Let us see if statement 2 helps us determine whether x is positive or negative.

10y^{2} is a non negative number. Let us take an example and evaluate statement 2.

Let y = 2. So, 10y^{2} = 40.

x+ 10y^{2} > 0.

If x = 3, one of the values that x can take (from statement 1), 3 + 40 = 43 > 0.

If x = -13, the other value that x can take (from statement 1), -13 + 40 = 27 > 0.

So despite combining the data in statement 1 and statement 2 together, we are not able to arrive an answer to whether x = 3.

Therefore, choice E is the correct answer.

Is x = 3?

1. x

2. x

The correct answer is Choice A. Statement 1 alone is sufficient; statement 2 is not.

Explanatory Answer

The question to be answered is "Is x = 3?".

An "Is" question is answered if you are able to provide a definite Yes or a definite No as an answer to the question. A "NO" is also a valid answer. Using the information in the statements if you are able to answer the question with a conclusive YES or a conclusive NO, the data is sufficient. Else it is not.

x

Factorizing, we get x

Or (x + 3)(x + 3) = 0.

So, we get x = -3.

Using the information in statement 1, we can conclusively answer the question x is NOT 3.

So, statement 1 is sufficient to answer the question.

x

A quick look at the quadratic expression - you will realize that one cannot factorize it.

There are two approaches at this stage. You could find the range of values that x takes using the formula to find the roots of the quadratic expression and then arrive at the answer.

The second approach is quicker.

Let us see if the inequality holds good when x = 3.

When x = 3, x

At x = 3, the inequality holds good.

Is 3 the only value for which this inequality will hold good or is there any other value for which the inequality will hold good?

Let us check with x = 4. When x = 4, x

So, it is evident that the inequality holds good for 3 and many other values.

Therefore, we cannot conclude that x = 3 based on this inequality.

Hence, statement 2 is NOT sufficient.

Statement 1 is sufficient; statement 2 is not. Choice A is the correct answer

Let us look at few more variants to the two statements for the same question and understand how to crack these questions.

1. x

2. x - y

Whenever, I look at a question such as "Is x = 3?" where the data is sufficient if I can arrive at a decisive Yes or a No, I will quickly check to see if substituting x as 3 in the equation satisfies it.

If it DOES NOT satisfy, I readily have an answer that says x is NOT 3. So, the data will be sufficient. Only if substituting x = 3 satisfies will I be tempted to find if any other value exists for x that will also satisfy this equation.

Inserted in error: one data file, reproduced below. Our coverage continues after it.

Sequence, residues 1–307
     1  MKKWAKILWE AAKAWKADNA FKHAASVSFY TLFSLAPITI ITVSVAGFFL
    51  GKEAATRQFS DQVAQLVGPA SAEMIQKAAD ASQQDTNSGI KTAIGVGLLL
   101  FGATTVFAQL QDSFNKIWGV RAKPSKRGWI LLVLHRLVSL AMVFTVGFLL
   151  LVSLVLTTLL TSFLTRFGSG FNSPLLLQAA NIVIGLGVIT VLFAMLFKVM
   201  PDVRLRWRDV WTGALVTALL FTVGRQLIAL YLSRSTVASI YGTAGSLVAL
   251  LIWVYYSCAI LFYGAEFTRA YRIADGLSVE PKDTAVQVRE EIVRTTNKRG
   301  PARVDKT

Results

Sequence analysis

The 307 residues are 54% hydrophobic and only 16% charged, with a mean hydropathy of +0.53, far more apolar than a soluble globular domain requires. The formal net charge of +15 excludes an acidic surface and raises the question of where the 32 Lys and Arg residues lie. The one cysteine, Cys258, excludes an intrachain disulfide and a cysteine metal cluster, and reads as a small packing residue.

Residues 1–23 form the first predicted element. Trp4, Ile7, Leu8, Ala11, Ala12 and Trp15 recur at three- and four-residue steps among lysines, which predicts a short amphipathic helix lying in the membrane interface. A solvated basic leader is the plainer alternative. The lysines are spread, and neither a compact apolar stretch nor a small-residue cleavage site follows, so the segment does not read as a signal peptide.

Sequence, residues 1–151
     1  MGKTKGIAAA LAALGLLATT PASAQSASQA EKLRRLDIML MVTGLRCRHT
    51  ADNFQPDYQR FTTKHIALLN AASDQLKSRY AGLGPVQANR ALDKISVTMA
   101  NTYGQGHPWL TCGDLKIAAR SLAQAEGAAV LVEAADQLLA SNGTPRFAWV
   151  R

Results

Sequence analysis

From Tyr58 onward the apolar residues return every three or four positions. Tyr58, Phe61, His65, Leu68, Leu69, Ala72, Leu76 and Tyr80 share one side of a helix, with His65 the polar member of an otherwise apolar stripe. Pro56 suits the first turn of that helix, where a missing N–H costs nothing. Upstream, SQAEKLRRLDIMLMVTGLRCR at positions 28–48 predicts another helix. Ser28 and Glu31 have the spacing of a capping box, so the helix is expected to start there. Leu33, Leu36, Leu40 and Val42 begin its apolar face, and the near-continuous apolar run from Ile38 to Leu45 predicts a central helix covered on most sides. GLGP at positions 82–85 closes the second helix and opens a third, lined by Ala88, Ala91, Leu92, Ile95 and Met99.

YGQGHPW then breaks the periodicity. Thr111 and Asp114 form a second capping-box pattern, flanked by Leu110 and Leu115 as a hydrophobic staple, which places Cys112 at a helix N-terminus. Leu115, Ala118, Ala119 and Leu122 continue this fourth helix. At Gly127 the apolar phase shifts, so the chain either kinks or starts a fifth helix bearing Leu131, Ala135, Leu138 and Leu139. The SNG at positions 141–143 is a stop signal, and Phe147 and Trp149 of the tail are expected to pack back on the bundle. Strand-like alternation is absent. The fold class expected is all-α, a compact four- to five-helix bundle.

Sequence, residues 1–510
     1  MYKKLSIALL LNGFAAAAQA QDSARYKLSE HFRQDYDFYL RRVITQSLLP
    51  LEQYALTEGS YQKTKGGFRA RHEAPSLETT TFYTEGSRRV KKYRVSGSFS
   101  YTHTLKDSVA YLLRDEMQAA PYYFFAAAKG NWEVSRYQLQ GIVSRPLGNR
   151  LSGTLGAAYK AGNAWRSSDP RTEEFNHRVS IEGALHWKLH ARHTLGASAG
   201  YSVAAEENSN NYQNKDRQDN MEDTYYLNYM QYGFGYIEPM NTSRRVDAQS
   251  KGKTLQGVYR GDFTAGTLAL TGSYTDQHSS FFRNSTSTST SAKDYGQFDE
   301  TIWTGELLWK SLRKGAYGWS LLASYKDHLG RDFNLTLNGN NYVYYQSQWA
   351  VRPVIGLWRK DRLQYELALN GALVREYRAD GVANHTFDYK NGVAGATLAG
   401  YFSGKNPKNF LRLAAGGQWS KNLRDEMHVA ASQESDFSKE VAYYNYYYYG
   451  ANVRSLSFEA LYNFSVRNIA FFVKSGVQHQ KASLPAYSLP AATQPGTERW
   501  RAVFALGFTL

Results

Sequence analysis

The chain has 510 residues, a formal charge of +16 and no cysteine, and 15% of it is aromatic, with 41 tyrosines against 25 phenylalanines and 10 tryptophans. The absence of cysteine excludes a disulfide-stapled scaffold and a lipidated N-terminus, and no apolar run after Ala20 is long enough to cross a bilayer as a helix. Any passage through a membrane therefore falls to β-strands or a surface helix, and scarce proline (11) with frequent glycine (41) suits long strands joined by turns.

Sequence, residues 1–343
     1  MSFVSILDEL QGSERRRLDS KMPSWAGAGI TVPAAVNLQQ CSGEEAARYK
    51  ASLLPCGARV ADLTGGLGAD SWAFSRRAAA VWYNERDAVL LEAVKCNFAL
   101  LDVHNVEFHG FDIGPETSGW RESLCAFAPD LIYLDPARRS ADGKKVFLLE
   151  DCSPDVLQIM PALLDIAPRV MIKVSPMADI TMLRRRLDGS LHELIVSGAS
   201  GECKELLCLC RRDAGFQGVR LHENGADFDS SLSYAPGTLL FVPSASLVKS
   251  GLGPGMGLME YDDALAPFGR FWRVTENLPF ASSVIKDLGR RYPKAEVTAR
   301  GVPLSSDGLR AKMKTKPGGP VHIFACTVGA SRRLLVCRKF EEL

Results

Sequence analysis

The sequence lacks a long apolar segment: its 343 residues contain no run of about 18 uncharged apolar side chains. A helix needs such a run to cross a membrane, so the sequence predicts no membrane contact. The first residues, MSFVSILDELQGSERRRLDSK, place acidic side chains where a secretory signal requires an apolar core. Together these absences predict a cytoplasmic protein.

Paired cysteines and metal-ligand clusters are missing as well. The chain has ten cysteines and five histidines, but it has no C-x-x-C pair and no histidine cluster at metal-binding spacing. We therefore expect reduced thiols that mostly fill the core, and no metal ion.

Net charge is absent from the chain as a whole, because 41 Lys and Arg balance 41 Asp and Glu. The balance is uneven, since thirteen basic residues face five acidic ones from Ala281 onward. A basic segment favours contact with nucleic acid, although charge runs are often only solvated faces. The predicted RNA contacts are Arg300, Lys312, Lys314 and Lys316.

This approach saves a few seconds in avoiding the necessity to factorize a quadratic equation. More importantly, if the equation cannot be factorized as given in statement 2 of the original question, this method comes in handy.

So, let us get on with the process. Substitute x = 3 in the equation x

3

Now, we need to check if x could take a value other than 3. So, let us see if we can factorize this equation.

The equation factorizes as x

or (x + 20)(x - 3) = 0.

So, x = -20 or x = 3.

The conclusion is that there is another value of x that satisfies this equation. So, x could either be 3 or it need not be 3.

Therefore, statement 1 is NOT SUFFICIENT.

x can take infinite values, one of which could be 3. So, statement 2 is NOT SUFFICIENT.

However, before discarding statement 2, let us take a quick look at what we can glean from statement 2.

We can rewrite the statement as x > y

For real values of y, y

So, x which greater than y

From statement 1, we know x takes two values : -20 or 3

From statement 2, we know that x has to be positive.

Using the information in the two statements together we can conclude that x has to be 3.

Choice C will the answer to this variant.

1. x

2. x + 10y

As discussed earlier, let us quickly check if 3 could be a solution to the equation in statement 1.

When x = 3, the equation becomes 3

So, 3 is one of the roots of this equation. x COULD be 3.

We have to factorize to check if any other value of x will satisfy the equation.

The equation factorizes as x

Or (x + 13)(x - 3) = 0

So, x = -13 or x = 3.

We can therefore, conclude that statement 1 is NOT SUFFICIENT.

Statement 2 alone is NOT SUFFICIENT as x could take infinite values, one of which could be 3.

Let us see what else can be gleaned from statement 2.

y

So, 10y

From statement 1, we know x can take two values -13 and 3. One of these values is negative and the other is positive.

Let us see if statement 2 helps us determine whether x is positive or negative.

10y

Let y = 2. So, 10y

x

If x = 3, one of the values that x can take (from statement 1), 3 + 40 = 43 > 0.

If x = -13, the other value that x can take (from statement 1), -13 + 40 = 27 > 0.

So despite combining the data in statement 1 and statement 2 together, we are not able to arrive an answer to whether x = 3.

Therefore, choice E is the correct answer.

Labels: GMAT Data Sufficiency, GMAT DS, GMAT Inequalities, GMAT Practice Questions, GMAT Quadratic Equations